Summary of recommendations on institutional reform for citizen security: • Prioritizing a preventive, pro-active and community role of the police – law enforcement being only a secondary measure of action – has proven to bring results in improving citizen security. • Changing the “identity” and image of the police in countries, cities or boroughs where it has traditionally been associated with repressive action is key, in parallel with substantive reform. Alternative activities such as informal chats with citizens in education-friendly environments can help change this image. • Similarly, images and perceptions of the justice system can make a difference in the promotion of reform. Developing an innovative communication strategy, in parallel with concrete actions to improve the efficiency of the institution, is crucial. New channels of communication between citizens and judiciary institutions are to be explored. • Relations with and training of the media need to be given more attention, in order to foster more rigor in media coverage of citizen security issues, and thus avoid reinforcing stereotypes to rather help promote reform. In this effect, some LAC countries have attempted to institutionalize media relations.
Above: workshop participants during the debates on institutional reform Hereunder: side meeting of workshop participants following up on county initiatives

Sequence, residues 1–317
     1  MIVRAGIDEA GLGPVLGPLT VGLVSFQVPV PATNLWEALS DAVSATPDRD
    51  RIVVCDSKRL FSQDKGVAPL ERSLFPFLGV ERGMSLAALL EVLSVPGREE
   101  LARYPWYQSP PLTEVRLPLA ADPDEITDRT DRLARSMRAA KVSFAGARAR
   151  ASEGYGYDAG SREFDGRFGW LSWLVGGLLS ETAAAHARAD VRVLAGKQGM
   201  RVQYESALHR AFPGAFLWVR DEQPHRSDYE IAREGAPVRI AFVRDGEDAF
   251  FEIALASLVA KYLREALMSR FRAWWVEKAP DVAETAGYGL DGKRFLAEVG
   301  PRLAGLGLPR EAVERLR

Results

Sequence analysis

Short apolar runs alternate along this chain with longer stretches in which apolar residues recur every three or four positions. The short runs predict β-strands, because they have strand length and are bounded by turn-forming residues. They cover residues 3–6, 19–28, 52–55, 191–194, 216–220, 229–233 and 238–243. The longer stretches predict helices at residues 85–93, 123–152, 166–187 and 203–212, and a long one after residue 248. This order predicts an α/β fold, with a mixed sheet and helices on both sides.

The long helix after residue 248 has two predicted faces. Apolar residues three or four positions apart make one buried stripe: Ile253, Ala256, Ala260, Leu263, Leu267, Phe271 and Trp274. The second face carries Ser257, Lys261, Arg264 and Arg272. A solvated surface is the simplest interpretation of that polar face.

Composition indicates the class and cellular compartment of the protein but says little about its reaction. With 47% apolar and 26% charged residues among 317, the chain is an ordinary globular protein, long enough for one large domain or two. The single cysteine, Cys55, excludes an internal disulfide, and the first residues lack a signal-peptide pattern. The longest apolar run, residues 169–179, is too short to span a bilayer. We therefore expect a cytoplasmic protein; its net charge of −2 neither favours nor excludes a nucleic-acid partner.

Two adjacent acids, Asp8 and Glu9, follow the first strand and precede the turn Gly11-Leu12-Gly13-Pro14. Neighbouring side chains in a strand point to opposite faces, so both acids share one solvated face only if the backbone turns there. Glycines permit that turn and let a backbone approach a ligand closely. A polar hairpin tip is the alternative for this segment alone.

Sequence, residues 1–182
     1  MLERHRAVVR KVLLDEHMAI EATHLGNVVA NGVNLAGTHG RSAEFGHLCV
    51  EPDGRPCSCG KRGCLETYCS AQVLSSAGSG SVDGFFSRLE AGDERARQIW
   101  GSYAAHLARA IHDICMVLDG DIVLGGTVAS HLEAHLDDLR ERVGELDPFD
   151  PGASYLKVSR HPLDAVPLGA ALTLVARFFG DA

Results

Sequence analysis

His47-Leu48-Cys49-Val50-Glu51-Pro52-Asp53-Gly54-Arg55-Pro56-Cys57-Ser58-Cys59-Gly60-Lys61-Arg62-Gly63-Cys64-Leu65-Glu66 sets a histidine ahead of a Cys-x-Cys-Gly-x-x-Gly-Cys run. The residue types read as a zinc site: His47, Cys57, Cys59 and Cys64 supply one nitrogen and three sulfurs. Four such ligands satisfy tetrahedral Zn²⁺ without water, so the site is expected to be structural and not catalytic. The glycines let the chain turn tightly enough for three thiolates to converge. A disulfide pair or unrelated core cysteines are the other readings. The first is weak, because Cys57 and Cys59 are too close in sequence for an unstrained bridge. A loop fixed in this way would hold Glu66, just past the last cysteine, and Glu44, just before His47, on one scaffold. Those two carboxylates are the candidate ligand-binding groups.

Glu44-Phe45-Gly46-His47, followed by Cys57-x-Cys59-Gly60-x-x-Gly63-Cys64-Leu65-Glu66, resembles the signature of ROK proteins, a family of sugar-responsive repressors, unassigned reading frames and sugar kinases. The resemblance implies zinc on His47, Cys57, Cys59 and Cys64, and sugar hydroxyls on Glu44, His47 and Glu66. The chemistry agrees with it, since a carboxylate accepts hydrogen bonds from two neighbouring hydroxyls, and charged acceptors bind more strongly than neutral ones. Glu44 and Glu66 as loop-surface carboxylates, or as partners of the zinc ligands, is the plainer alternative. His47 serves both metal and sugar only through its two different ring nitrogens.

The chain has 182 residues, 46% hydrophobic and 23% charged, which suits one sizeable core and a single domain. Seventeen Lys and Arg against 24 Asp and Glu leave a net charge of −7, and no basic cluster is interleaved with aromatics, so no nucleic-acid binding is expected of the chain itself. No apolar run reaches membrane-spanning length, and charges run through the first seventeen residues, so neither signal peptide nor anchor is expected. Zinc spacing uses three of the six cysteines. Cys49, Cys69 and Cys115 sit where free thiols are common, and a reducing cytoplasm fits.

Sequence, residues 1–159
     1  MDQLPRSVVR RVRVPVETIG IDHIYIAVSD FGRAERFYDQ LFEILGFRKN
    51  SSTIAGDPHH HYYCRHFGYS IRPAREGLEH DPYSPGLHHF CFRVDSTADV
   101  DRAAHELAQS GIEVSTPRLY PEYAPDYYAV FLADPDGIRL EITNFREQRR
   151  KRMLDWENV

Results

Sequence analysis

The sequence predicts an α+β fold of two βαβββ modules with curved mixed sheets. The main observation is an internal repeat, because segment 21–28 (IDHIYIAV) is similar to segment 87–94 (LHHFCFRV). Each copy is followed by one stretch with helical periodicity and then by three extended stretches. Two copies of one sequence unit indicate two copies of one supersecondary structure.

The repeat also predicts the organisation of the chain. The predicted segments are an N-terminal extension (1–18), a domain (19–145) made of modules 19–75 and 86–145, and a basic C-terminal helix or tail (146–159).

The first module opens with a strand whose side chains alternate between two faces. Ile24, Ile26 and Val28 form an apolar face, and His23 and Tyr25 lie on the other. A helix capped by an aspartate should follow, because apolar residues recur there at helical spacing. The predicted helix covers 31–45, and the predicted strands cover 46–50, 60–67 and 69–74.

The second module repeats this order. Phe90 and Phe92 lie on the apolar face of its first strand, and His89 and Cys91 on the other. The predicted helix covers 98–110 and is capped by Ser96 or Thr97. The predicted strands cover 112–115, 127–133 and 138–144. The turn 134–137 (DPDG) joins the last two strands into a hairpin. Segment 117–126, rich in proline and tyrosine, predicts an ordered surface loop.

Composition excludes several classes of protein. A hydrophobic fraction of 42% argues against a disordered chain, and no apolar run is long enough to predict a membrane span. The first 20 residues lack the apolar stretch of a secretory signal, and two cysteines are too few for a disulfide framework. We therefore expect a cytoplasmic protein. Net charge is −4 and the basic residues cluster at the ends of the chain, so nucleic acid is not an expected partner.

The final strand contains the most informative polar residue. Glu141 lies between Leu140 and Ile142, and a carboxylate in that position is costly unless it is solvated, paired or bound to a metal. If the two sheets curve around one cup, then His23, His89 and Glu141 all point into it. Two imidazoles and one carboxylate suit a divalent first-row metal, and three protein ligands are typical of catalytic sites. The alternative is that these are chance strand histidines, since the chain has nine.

FINAL RECOMMENDATIONS: WHERE DO WE GO FROM HERE? In addition to the substantive recommendations summarized above at the end of each of the four main parts of this report, participants worked in groups to elaborate key follow-up steps to keep the community of practice created through this event alive, and continue the promotion of innovative citizen security practices through South-South cooperation. In their conclusions, they described this event as particularly useful, and the first of its kind in the sense that it brought together not only UN practitioners on citizen security but also national actors representing different levels of government and branches of the State as well as independent public institutions, civil society and academia from different countries. The participation of Indonesia was also appreciated and said to represent the first time that a substantive link was being made between Latin America and Asia around these issues. They recommended that similar events are repeated, and more specifically indicated followup directions of two main types: (1) particular thematic issues that would merit further discussion in follow-up events or other work and (2) practical measures to keep the community of practice alive and continue to develop South-South cooperation in the field.